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Messages - unfocused

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31
EOS Bodies / Re: Medium Format Announcement a \
« on: August 12, 2014, 03:15:17 PM »
I wonder if all this Medium Format noise is a diversionary tactic (assuming Canon is feeding some of it, which I am not sure they are.)

Possibility A: Feed into the rumors of a Medium Format offering and let your competitors start expending resources on something you have no intention of developing.

Possibility B: Feed into the rumors of a Medium Format offering and scare your competitors off because they know you have the cash and market positioning to dominate if you were to decide to proceed.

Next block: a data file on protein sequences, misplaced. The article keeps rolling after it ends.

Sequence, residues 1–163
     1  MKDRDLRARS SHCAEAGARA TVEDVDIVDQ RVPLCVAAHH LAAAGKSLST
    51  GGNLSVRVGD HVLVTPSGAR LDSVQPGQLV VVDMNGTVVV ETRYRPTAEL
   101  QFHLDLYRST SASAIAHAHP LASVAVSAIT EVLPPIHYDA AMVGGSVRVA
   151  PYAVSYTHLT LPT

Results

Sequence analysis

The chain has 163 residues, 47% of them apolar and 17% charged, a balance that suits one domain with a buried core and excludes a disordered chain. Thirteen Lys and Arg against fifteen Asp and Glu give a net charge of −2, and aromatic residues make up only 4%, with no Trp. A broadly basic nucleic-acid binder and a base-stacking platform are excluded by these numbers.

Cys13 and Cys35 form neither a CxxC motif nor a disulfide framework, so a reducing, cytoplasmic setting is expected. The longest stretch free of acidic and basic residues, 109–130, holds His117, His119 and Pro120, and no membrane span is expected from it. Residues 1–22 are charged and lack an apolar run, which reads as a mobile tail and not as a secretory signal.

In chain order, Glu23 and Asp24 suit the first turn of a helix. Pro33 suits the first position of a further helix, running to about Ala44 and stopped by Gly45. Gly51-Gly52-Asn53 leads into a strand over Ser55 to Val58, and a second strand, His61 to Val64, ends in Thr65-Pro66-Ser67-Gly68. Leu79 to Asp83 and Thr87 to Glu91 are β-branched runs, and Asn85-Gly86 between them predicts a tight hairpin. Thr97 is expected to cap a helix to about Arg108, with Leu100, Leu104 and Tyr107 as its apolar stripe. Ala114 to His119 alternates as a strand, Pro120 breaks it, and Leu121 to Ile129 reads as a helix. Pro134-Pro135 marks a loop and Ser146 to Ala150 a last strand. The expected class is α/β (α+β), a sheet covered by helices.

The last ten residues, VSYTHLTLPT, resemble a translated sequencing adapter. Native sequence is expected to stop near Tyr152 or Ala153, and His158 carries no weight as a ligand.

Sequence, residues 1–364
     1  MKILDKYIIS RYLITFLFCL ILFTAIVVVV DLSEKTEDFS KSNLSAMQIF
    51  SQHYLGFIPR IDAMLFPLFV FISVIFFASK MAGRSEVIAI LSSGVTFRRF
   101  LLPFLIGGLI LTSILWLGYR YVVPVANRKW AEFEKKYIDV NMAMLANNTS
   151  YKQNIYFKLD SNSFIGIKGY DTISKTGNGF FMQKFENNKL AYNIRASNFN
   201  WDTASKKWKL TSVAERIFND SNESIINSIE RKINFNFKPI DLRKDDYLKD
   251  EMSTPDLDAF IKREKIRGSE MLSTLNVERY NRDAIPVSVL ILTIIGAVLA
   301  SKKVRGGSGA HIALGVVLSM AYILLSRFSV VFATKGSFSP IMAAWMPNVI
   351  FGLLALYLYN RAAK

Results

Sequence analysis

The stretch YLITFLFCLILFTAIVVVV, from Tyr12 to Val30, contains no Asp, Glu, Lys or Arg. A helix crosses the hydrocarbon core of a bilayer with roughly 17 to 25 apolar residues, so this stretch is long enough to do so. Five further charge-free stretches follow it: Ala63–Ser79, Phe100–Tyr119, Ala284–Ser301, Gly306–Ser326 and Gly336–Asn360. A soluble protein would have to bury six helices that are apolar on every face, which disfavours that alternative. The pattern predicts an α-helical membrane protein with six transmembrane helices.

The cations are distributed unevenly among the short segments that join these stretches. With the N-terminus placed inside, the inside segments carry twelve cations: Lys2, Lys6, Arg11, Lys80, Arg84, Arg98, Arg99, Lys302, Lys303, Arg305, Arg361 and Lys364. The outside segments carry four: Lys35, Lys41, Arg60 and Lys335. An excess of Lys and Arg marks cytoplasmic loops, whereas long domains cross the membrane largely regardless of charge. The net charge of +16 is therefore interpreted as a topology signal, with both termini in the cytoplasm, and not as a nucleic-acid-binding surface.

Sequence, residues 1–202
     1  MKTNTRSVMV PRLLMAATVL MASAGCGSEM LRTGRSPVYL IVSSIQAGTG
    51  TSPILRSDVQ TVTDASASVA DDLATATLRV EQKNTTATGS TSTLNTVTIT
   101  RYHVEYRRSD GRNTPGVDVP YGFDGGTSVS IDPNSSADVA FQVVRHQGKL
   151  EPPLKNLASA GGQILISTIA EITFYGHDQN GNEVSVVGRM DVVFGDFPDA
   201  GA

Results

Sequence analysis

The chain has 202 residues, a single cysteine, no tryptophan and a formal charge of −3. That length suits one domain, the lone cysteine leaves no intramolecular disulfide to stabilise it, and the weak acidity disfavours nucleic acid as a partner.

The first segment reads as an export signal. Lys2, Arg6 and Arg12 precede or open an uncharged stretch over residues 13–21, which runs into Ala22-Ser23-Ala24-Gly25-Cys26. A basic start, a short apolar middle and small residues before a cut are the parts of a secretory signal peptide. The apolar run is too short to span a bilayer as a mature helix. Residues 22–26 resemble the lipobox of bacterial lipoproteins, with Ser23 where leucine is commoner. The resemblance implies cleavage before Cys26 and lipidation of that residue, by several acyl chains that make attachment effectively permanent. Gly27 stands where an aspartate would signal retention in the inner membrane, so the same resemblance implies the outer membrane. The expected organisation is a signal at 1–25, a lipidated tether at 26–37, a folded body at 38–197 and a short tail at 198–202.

Seems like in either case, feeding the rumors could be a win for Canon.

Of course, I happen to think that "longshot" seriously overstates the likelihood. "When pigs fly" might be more accurate.

32
Canon General / Re: Another Canon Medium Format Mention
« on: August 11, 2014, 05:52:10 PM »
Just don't believe it. If they are looking at MF now they're about twenty five years too late.

My thoughts exactly.

Developing a medium format camera today is way more complicated than it was in the film days and the market is much smaller and shrinking all the time. If Canon and Nikon were uninterested in medium format when it was actually a viable market, why would they invest in it now?

On another thread, I posted a reference to an estimate from Leica that the worldwide market for medium format is only 6,000 units annually. Hasselblad has a grand total of 180 employees according to their own website, not exactly a huge operation.

There are other markets that are far more promising.

To paraphrase an ancient proverb: “The best time to develop a MF camera was 25 years ago. The second best time is now.”